On paper, the difference between Mahon Fritts’ former and current job titles is a single letter.
In reality, the gap is quite a bit longer. A former chef, Fritts has been chief executive officer at ALPS Adult Day Services for the last five years.
“I’m a chef by trade,” Fritts said. “I actually at a very young age went to work full-time at a Chinese restaurant in the neighborhood I grew up in (Toledo, Ohio). A gentleman had a Chinese restaurant that allowed kids to come in and work. I started working as a dishwasher on weekends like a lot of young folks do.”
Fritts quickly realized that in order to become a chef, he was going to have to learn a lot.
“I worked and got paid one day, then I went the six other days to learn to cook,” he said. “By the age of 14, I was the lead cook in a restaurant in my hometown and I absolutely loved it.”
Fritts graduated from high school early and started two full-time jobs.
“I was doing Chinese-Cantonese-American during the day and French gourmet at night,” he said.
He had another brainstorm that he couldn’t get anywhere unless he went to school. He joined the U.S. Army.
“I joined on the G.I. Bill and served for about six years, got to travel around a little bit,” Fritts said. “When I got out of the Army, I went to chef’s school in Portland, Oregon.”
In 1992, Tommy Angelos, Morristown restauranteur, brought Fritts to the Lakeway Area as the chef of Angelo’s for many years. Fritts moved around some after that until he joined Regency Retirement Village in 2005 as a corporate chef.
“To be a chef, it’s not just about cooking, it’s designing menus and costing everything out, hiring staff,” he said. “When I would interview for positions, employers would tell me as long as the job gets done, numbers and food costs are right, you work the schedule you need to work. The reality was when the restaurant is slow, the executive chef had to be there to cut labor. When it was so busy that you could afford to staff, you had to be there to make sure everything went right. In other words, you were there daylight to dawn.
“Regency approached me about becoming a corporate chef,” Fritts said. “I went there and did the food service for their property in Morristown, then I traveled throughout their other properties and helped put the food service in there. It was a different pace. It was breakfast, lunch and dinner. Somewhere along those lines I found a calling for working with the families and helping them find the services and needs that they needed. They had different needs, different diagnoses, and different services. I fell in love with helping out.
“When Regency asked after a couple of months how working for them was different from the restaurant business, I told them that I was a ‘failure every day,’” Fritts said. “When they asked me what I meant, I said that everybody makes mistakes and prepares a dish one doesn’t like. In the restaurant business, you go out and talk to the customer and because you took that step to talk to the customer, you either made it right for them and had a customer for life, or you couldn’t, then you never saw them again.”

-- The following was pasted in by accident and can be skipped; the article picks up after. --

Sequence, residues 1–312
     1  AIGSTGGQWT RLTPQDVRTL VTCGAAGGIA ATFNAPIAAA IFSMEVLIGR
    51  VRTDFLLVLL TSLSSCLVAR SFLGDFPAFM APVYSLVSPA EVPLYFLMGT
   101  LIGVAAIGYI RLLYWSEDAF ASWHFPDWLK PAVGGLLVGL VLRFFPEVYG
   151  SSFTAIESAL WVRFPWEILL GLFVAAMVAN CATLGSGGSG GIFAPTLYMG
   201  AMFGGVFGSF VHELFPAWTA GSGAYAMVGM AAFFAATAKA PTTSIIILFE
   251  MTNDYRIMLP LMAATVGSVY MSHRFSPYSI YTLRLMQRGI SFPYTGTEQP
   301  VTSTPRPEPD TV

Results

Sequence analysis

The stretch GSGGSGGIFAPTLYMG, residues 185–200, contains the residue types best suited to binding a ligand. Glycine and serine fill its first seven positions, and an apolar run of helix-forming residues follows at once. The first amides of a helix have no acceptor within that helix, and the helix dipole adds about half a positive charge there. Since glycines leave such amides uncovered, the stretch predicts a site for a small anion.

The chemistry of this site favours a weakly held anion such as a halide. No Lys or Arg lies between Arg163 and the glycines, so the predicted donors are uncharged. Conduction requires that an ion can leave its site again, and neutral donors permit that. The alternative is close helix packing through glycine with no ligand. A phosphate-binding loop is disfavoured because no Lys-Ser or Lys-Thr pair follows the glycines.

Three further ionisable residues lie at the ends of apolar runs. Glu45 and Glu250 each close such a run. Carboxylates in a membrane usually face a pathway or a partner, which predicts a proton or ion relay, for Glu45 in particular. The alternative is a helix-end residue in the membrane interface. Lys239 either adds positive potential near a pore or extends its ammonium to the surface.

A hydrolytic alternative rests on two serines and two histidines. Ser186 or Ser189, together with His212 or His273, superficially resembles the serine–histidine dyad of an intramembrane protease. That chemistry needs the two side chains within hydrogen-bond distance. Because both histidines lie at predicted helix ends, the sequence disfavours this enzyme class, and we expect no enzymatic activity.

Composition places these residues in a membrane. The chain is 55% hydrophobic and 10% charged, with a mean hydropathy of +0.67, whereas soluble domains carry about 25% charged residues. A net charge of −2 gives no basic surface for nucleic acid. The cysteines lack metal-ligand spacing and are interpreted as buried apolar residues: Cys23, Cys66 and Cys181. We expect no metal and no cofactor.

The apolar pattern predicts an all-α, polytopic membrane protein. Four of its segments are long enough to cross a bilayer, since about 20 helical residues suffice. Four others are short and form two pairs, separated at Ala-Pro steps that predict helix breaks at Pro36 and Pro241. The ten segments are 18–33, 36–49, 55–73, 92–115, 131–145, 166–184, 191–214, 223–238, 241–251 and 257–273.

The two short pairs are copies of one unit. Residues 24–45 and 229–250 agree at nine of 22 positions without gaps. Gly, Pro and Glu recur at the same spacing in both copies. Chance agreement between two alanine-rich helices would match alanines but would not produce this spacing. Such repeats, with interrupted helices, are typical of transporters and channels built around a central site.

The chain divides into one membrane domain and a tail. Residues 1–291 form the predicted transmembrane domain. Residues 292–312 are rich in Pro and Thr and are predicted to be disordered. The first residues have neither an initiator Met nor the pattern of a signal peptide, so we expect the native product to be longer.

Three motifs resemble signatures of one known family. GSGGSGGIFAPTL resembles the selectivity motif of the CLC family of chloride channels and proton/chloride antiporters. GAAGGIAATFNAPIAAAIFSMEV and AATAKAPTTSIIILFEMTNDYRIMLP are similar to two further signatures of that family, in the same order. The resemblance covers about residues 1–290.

Fritts served from around 150 to 190 people per meal in five different dining rooms at Regency.
“You couldn’t make every single one of them happy every single day,” he said.
Fritts went to different residents to help design the menu to please them.
“They got to see things firsthand,” Fritts said. “They were more understanding and able to take ownership of it.”
Around 2006, Fritts was approached by the executive director of ALPS Adult Day Services to come on to the board of directors. Fritts served several years on the board when in 2014, he was asked to become chief executive officer.
“As a board member, I knew what a special place ALPS is,” he said. “But until I was here full-time, you don’t really feel the full breadth of it. It is truly an amazing organization.”
When he first became CEO, he sat down with each staff member individually. “I told them that this was not a job interview, it’s getting to know you. I asked them if they had one wish for ALPS, what would that be? Every one of them said that we needed to expand this building. This was the one thing that everyone agreed on to want to happen here.”
Fritts told the staff that it would take a lot of work for that to happen.
“Even though we have an amazing program, we’re the best kept secret in town,” he said. “We have to work hard to educate this community and let them know that we are here to serve.”
A plan was put into place to start growing the program. ALPS spent $500,000 to expand the facility. Through the process, they looked back to the founders. Thirty years ago, a list of goals was made by the original board of directors. The last goal was to plant other ALPS into the area. On Oct. 25, 2018, ALPS closed on the building for their new Greeneville facility. The next day, Bernice ‘Bunny’ Gerson, the last living founder of ALPS, passed away.
“When people come here because they’re serving the mission, those are the people you want to reward to let them grow and to expand,” Fritts said. “When we had this opportunity, Elizabeth Hart has been with us for about five years in Morristown as a nurse. She will be the program director in Greeneville. None of this could possibly happen without this amazing staff (of 20-plus).”